No one wants to be named in a Notary lawsuit that can cost you time, stress and legal fees. But happens more than you might think, even when you thought you did everything right.
Merchants Bonding Company, the carrier for NNA bonds and insurance policies, recently shared a number of Notary claims with the Notary Bulletin. These claims show lessons you need to know about financial liability resulting from the notarizations you perform.
The Case of the Stubborn Plaintiff
In this case, a Notary was asked to visit a hospital and notarize a power of attorney document. The document granted the signer’s friend the right to handle his medical and legal affairs while he was hospitalized. The signer later filed a lawsuit against the Notary, claiming he was not aware of what he was signing.
During the case, the plaintiff was declared a “vexatious litigant” by the court after it was learned he had a history of filing frivolous lawsuits. The Notary’s attorney claimed the grounds for the suit were legally insufficient and the court upheld this claim.
But, the plaintiff didn’t stop. He filed a second suit against the Notary and several other defendants a year later. Eventually the second case was settled, but not until the Notary incurred additional attorney fees in responding to the new allegations.
Liability Lesson #1
This case teaches an important lesson. Litigation can get messy, and sometimes litigants don’t give up. As a result, you can incur significant costs in defending yourself — even against frivolous claims. In this instance, the Notary had an errors and omissions insurance policy, and it took a substantial amount of the policy to defend the Notary in both actions. Without a policy with sufficient coverage to absorb all the costs, he would have had to pay the expenses out of his own pocket.
The Case of the Notary Caught in the Crossfire
Some Notaries assume that they don’t have to carry an E&O policy as long as they don’t make mistakes. As this next case shows, even a blameless Notary can be dragged into a lawsuit.
In this situation, the Notary was among several individuals sued for more than $200,000 over a real estate transaction. The litigant claimed the Notary had failed to properly check a signer’s identity during the transaction. Later investigation acquitted the Notary of all wrongdoing.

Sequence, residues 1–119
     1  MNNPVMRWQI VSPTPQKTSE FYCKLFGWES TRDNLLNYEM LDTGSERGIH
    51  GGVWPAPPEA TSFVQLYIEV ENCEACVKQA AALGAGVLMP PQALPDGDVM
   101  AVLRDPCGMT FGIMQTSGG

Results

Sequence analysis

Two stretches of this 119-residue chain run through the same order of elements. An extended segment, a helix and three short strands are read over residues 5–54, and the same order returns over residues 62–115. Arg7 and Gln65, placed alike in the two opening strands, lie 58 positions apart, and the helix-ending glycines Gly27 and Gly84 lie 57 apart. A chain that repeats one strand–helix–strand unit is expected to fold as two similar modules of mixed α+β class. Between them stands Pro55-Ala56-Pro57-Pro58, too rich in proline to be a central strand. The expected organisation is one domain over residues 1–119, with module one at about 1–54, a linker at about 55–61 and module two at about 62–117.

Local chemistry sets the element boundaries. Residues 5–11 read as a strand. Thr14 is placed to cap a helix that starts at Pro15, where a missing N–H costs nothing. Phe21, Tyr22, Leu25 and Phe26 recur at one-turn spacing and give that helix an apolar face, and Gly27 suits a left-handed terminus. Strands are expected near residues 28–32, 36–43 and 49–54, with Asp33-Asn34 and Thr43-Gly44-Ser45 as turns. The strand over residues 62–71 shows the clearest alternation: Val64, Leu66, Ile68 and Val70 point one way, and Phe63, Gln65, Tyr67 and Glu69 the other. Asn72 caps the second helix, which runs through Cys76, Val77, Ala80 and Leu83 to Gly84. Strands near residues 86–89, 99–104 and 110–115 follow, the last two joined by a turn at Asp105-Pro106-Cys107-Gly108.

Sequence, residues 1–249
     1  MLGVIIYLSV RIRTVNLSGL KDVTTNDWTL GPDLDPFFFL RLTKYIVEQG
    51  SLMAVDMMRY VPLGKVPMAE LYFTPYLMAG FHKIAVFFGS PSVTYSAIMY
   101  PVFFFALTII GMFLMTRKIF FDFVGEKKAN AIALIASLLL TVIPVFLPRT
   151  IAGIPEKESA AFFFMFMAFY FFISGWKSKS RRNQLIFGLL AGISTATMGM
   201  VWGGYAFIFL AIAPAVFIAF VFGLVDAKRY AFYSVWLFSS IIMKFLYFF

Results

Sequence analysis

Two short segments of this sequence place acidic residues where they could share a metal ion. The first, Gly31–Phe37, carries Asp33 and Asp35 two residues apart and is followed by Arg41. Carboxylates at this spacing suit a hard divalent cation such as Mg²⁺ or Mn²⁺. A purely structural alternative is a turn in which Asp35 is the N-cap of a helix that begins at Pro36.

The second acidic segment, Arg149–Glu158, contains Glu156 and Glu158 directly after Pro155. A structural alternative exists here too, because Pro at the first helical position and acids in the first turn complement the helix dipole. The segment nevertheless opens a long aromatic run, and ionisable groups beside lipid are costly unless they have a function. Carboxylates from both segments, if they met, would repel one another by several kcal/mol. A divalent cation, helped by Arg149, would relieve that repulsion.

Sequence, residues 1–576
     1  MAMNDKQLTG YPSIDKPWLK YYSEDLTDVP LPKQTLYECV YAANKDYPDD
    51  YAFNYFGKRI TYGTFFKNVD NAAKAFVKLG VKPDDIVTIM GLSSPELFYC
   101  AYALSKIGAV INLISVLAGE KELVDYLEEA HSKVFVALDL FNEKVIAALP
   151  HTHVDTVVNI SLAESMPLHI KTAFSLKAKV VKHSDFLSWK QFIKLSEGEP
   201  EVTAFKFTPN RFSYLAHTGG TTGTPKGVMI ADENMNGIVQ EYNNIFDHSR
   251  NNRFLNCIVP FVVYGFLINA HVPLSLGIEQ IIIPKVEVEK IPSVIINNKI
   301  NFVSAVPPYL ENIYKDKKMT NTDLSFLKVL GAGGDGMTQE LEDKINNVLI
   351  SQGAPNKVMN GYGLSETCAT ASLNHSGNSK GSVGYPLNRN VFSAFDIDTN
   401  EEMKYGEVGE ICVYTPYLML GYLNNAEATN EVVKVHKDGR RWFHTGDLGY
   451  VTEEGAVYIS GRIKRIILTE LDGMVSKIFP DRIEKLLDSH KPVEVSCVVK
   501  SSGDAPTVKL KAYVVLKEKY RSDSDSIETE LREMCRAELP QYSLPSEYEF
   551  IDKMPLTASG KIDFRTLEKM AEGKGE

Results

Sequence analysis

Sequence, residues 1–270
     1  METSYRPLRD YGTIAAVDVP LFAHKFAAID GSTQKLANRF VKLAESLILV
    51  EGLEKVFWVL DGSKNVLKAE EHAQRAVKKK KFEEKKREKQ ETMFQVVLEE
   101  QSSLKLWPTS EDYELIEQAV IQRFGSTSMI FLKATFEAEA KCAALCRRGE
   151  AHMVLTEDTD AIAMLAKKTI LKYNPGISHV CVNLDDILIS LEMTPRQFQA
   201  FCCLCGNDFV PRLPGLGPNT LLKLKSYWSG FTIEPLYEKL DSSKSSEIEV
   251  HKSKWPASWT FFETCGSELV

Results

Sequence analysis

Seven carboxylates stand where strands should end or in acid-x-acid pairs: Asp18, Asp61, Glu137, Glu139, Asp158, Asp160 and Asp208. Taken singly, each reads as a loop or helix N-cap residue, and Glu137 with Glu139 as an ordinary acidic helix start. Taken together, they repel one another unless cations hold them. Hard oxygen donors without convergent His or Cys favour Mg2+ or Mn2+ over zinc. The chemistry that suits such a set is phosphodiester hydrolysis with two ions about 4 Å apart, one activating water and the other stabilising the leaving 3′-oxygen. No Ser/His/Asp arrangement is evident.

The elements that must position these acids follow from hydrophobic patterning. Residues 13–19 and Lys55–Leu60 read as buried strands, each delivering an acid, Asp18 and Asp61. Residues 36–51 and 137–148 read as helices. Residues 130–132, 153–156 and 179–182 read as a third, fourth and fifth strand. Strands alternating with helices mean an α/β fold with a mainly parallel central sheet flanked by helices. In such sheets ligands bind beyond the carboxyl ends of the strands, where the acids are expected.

However, the lawsuit proved extremely difficult — and costly — to resolve because of the multiple complaints and cross-complaints involving the numerous defendants.
Liability Lesson #2
Your financial risk as a Notary often has nothing to do with being right. You can be right and still end up with legal bills. Fortunately, the Notary’s E&O policy in this case paid the legal expenses.
The Case of the Costly Thumbprint
In this case, an oversight when recording a journal entry got a Notary into serious legal trouble. During a notarization involving real property, the Notary was distracted and failed to take the signer’s thumbprint for her journal entry as required by state law. It was later discovered that the signer was an impostor, and the Notary was sued for $250,000.
Liability Lesson #3
After lengthy negotiations, the case was eventually settled, but the Notary’s full E&O policy was exhausted. The lesson here is that E&O insurance will cover claims up to their policy’s limit when Notaries are clearly negligent, as in this case where the Notary forgot to obtain the signer’s thumbprint in the journal entry. It happens; people make mistakes. Even good Notaries make mistakes.
The Case of Multiple Mistakes
As bad as it is for a Notary to be sued after following proper procedure, the situation can be even worse if the Notary ignores state rules when verifying a signer’s identity.
In this case, the Notary was asked to notarize the signatures of two individuals who signed a deed of trust in buying a property. Since the signers had no ID, the Notary identified them using a single credible witness — the agent representing the signers. State law required the Notary to personally know the witness, but the Notary hardly knew the agent. In addition, the Notary failed to obtain the thumbprints of the signers in her journal. The settlement and legal fees were substantial.
Liability Lesson #4
By ignoring the rules for identifying signers and obtaining thumbprints, the Notary in this case not only faced a costly lawsuit but left the transaction vulnerable to potential fraud. In fact, a handwriting expert indicated that it was “highly probable” the signatures notarized on the deed of trust in question were forged. Fortunately for the Notary, the E&O policy covered multiple mistakes in the same claim, which is true of many policies as long as the violations aren’t intentional.